Editorial Board   Guest Author

Mr. Tadmor

Motti Tadmor

Technology Business Analyst, MICROS Systems, Inc.

Motti Tadmor is the Technology Business Analyst in charge of central systems development for the MICROS OPERA Suite of products. Mr. Tadmor has many years of hotel industry experience having worked for Melia Chen Hotel in Jerusalem, before joining MICROS Systems, Inc. Since joining MICROS in 1998, Mr. Tadmor has gained knowledge across many hotel business products, including property management systems, call centers, loyalty program modules, interfaces, POS, and more. Recently, Mr. Tadmor assumed leadership for the development of the OPERA Revenue Management System. In this new role, Mr. Tadmor is focused on simplifying and stabilizing the world of revenue management, along with other improvements to the MICROS OPERA suite of products. Mr. Tadmor received his Bachelor of Science degree in Hospitality Management from the Business School at Nova Southeastern University, in Fort Lauderdale, Florida.

Mr. Tadmor can be contacted at MTadmor@micros.com

Coming up in November 2019...

Architecture & Design: Biophilic Design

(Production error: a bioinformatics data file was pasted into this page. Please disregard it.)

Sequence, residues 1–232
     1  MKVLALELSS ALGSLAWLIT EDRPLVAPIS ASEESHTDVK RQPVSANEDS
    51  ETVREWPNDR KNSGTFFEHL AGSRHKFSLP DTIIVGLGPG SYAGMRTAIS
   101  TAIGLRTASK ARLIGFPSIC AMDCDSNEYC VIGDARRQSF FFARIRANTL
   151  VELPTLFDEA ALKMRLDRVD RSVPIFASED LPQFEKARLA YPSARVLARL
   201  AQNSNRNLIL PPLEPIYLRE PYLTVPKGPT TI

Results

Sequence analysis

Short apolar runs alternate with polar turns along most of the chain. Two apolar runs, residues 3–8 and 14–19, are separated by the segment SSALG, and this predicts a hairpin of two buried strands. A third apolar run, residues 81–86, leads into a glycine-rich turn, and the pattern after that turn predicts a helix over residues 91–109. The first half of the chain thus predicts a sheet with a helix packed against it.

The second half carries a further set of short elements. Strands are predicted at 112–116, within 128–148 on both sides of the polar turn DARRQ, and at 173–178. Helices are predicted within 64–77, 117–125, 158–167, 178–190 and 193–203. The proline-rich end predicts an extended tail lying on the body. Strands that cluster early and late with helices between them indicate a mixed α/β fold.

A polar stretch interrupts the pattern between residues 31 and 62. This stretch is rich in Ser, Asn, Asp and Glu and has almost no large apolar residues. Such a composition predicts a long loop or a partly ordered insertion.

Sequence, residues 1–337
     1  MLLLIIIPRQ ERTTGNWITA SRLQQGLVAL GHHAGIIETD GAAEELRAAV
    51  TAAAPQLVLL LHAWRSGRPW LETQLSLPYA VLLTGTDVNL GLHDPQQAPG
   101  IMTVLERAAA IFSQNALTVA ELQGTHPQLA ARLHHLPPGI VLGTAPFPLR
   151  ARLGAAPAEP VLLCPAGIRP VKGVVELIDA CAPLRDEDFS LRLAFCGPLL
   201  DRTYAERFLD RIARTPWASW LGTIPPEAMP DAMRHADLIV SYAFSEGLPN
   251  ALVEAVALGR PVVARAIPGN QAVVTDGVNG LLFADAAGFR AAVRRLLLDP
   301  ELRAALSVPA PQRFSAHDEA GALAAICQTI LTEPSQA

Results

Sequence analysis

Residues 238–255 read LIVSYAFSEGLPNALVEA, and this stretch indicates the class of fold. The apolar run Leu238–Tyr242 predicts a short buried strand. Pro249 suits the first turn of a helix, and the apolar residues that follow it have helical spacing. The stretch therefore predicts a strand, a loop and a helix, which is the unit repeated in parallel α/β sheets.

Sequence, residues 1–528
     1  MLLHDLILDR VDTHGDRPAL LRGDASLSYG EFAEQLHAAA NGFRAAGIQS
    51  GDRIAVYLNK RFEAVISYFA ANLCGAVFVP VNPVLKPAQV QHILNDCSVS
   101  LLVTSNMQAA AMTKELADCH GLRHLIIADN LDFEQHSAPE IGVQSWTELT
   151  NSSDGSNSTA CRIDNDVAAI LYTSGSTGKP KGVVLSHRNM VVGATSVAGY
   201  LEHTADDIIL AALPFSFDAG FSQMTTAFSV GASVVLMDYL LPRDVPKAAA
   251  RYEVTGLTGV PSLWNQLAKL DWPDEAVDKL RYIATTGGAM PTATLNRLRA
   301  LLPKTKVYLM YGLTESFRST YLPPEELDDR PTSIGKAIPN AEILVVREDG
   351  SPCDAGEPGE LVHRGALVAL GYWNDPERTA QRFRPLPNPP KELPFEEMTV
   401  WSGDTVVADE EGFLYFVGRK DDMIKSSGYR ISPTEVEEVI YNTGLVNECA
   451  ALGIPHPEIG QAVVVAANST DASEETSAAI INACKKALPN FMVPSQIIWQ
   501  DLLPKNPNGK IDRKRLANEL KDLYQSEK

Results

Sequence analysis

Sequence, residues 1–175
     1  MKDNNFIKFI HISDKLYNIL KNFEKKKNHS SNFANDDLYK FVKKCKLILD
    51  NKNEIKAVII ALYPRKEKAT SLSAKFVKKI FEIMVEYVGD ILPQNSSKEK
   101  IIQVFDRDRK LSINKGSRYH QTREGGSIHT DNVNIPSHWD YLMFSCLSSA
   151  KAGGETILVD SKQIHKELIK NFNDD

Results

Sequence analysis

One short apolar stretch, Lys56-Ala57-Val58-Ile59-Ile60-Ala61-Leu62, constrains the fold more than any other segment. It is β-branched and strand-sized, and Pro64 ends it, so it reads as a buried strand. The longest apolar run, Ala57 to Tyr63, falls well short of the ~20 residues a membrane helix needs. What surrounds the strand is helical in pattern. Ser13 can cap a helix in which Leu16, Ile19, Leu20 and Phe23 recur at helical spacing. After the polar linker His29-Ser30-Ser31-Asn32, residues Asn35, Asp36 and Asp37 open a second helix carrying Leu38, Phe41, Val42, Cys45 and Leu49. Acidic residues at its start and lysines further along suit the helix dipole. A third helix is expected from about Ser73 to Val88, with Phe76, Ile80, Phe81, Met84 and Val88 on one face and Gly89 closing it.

The hospitality industry is constantly evolving to meet and exceed guest expectations. As a result, hotels are always on the lookout for new ways to improve the guest experience, and architecture and design is an essential part of this equation. Bold design is often the most effective way to make an exceptional first impression - an impression guests use to distinguish between brands. One design trend that is being embraced worldwide has become known as “Biophilic Design.” Biophilic design is based on the concept of biophilia, which is the theory that human beings have an innate tendency to seek out nature, natural elements, and natural forms. Biophilic design is more than hotels simply adding a surplus of plants; it involves incorporating specific design elements into a hotel in order to imbue it with a sense of wellness and well-being. Some of those elements include exposure to natural lighting; views of nature and rooms with a view; natural architectural patterns; salvaged or reclaimed woods of all types; reclaimed metals; sustainably sourced stone; living green walls and vertical gardens; and direct and indirect exposure to nature. Hotels that have incorporated biophilic design into their properties are reaping the benefits associated with this trend including reduced stress responses, better air quality, lower energy costs, and more positive guest reviews. Biophilic design has also been shown to improve guest moods and to satisfy consumer demand for environmental responsibility. Savvy hotel owners and managers are aware that nature-inspired elements enhance their guests' comfort and well-being, which is why this trend is becoming so prevalent. Biophilic design is just one topic in the fields of hotel architecture and design that will be examined in the November issue of the Hotel Business Review.